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Home / World / North Korea did not fire missiles in 2018. But that's not necessarily due to Trump.

North Korea did not fire missiles in 2018. But that's not necessarily due to Trump.



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By Alexander Smith

North Korea did not conduct missile or nuclear tests in 201

8 – an obvious endorsement of President Donald Trump's unconventional foreign policy approach.

However, the president's victory may not have been claimed by the president

Before and after Trump's election and inauguration, North Korea conducted a series of nuclear and missile tests.

The drumbeat reached a climax in 2017, when Kim Jong Uns launched the regime's first ICBM – theoretically capable of hitting the American mainland. He also tested his hitherto most powerful nuclear weapon, which was a miniaturized hydrogen bomb.

The verbal sparring between Trump and Kim escalated and seemed to increase the danger of a devastating war.

Then everything stopped. North Korea carried out its last nuclear test in September 2017 and the last missile launch a month later. Trump has mocked Kim as a "small rocket man" and said he "fell in love" with the young dictator.

"The missiles and rockets are no longer flying in all directions, nuclear tests have stopped," said Trump United Nations General Assembly in September.

The President has pointed out that his strategy to defuse Kim's government works.

However, many experts point out that the conspicuous firing appearances may have stopped, while other more subtle parts of the North Korean weapons program are moving forward. Tests are only part of the story.

"Kim has not changed his policy … but he claims that he has now moved from research and development to mass production," said Cristina Varriale, a research associate at the Royal United Services Institute, a London-based think tank.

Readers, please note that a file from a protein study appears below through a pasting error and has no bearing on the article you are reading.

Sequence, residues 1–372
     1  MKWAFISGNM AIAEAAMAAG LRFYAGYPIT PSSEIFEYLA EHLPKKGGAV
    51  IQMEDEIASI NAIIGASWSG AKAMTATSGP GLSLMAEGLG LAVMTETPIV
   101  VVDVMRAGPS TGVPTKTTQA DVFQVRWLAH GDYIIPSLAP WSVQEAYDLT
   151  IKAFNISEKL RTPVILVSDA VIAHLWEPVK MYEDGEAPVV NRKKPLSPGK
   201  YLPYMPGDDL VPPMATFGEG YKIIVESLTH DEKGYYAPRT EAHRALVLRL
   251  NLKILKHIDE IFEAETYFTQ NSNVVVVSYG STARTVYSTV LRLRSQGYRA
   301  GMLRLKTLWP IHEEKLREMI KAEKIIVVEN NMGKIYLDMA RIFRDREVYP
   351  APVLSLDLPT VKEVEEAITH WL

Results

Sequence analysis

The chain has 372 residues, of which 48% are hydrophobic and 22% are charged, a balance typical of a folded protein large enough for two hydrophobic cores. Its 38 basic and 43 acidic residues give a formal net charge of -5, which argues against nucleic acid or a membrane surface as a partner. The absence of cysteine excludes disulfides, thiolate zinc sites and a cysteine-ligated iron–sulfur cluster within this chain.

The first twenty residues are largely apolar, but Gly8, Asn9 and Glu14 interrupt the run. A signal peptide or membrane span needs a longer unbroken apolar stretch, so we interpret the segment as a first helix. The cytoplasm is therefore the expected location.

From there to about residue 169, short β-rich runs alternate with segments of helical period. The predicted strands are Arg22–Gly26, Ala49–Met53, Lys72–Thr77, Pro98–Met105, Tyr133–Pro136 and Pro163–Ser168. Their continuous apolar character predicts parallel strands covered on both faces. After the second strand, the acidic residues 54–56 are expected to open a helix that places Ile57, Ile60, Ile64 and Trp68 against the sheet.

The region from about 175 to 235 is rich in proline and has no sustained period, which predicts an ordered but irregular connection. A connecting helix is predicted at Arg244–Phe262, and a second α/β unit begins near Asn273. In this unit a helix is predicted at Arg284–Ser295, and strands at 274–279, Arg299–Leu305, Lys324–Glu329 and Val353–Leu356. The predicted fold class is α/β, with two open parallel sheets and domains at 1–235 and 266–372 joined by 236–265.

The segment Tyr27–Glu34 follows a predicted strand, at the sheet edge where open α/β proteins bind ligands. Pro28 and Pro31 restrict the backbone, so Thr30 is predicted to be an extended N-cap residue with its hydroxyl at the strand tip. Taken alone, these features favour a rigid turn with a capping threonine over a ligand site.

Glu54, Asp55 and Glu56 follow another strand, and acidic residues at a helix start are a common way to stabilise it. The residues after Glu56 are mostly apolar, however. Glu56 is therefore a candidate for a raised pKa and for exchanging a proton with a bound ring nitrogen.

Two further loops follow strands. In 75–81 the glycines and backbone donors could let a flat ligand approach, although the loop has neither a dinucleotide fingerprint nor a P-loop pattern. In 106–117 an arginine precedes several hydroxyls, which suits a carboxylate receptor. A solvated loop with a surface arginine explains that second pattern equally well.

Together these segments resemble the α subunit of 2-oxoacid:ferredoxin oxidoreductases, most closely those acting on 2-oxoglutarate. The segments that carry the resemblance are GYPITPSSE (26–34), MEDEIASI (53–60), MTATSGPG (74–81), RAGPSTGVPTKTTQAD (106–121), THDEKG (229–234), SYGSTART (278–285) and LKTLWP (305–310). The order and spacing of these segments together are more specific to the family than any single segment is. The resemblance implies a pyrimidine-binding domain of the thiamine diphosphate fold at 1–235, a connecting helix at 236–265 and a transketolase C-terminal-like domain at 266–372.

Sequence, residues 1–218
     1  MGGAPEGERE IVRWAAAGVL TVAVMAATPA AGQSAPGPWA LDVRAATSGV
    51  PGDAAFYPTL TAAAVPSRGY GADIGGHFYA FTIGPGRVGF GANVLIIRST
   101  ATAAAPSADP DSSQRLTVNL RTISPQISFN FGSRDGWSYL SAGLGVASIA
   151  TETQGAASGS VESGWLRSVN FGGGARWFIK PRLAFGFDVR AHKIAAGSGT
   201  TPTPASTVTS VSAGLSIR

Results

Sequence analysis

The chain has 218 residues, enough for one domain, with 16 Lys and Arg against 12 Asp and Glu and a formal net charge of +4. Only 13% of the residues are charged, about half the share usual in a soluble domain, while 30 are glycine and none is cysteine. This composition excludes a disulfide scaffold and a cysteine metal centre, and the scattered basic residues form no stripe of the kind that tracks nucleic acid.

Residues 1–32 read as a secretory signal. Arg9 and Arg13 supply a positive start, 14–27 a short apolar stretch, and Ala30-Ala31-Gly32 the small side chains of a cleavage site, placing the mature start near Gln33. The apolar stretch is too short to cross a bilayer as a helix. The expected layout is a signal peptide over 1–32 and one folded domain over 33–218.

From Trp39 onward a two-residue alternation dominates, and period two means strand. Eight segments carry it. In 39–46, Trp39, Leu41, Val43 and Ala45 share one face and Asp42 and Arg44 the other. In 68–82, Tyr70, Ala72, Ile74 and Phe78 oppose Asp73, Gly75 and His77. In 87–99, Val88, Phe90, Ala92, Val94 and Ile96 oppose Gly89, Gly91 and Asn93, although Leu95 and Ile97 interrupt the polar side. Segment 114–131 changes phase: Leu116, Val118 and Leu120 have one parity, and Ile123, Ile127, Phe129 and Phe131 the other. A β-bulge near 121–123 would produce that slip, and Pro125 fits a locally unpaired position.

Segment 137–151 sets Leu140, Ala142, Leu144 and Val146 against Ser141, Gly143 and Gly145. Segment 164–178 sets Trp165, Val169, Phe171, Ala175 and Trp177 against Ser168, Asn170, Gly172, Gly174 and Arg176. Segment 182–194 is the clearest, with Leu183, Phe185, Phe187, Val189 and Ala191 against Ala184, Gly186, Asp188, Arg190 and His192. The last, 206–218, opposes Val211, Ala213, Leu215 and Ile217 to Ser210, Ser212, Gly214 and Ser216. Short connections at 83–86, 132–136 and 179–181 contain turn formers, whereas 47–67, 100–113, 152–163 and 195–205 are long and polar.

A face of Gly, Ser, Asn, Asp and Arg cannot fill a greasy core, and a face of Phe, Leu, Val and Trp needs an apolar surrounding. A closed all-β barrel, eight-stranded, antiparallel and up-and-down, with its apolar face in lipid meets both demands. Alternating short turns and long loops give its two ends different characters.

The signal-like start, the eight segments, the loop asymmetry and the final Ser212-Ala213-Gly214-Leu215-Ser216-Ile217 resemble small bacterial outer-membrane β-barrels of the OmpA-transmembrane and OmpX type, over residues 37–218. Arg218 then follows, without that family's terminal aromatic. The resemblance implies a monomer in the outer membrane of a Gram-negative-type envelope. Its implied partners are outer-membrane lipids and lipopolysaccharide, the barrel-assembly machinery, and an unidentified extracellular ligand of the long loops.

According to experts and analysis of detailed satellite images, North Korea continues to produce fissile material and develop missile bases throughout the country.

This transition from trial to production should look like that. No wonder – it's exactly what Kim said to the world earlier this year.

In his New Year's speech, Kim claimed that his scientists and engineers completed all the necessary test runs. Well, he said bluntly, "The nuclear weapons research industry and the rocket industry should mass-produce nuclear warheads and ballistic missiles."

At current production rates, North Korea could have about 100 warheads by 2020 – nearly half of which is UK inventory, according to Robert S. Litwak, vice president of the Woodrow Wilson International Center for Scholars, a Washington think tank.

Paul Cheung / NBC News

Apart from the Trump test break, North Korea's statement also notes that it had destroyed its nuclear weapons facility at Punggye-ri.

However, this outline is unconfirmed, reversible and even irrelevant. Experts do not warn about the production of more warheads.

No Pledges Break

North Korea's continued activity is sometimes portrayed as a kind of deception. Even South Korea, however, points out that Kim does not deceive anyone because he made no concrete promises at all.

While Trump and Kim promised to "work towards complete denuclearization of the Korean Peninsula" at their historic summit in June, the joint statement was so vague that it was largely dismissed as almost pointless.

First, the US and North Korea disagree about what "denuclearization" actually means. Instead of a one-way street, the North has suggested that the US remove its troops from the region and withdraw from the nuclear shield that Washington offers to South Korea and Japan.

Hwasong 15 missiles are shown during a military parade on February 8th. KCNA on KNS / AFP – Getty Images File

This ambiguity has led to stalemates over the months, with American and North Korean negotiators insisting that the other offer concessions.

The North Koreans seemed reluctant to deal with Trump's subordinates such as Secretary of State Mike Pompeo. Some believe they would prefer to take advantage of the President's perceived impulsiveness when he conceded to Kim on the ground that he would stop major war games with South Korea and seemingly blind his own military.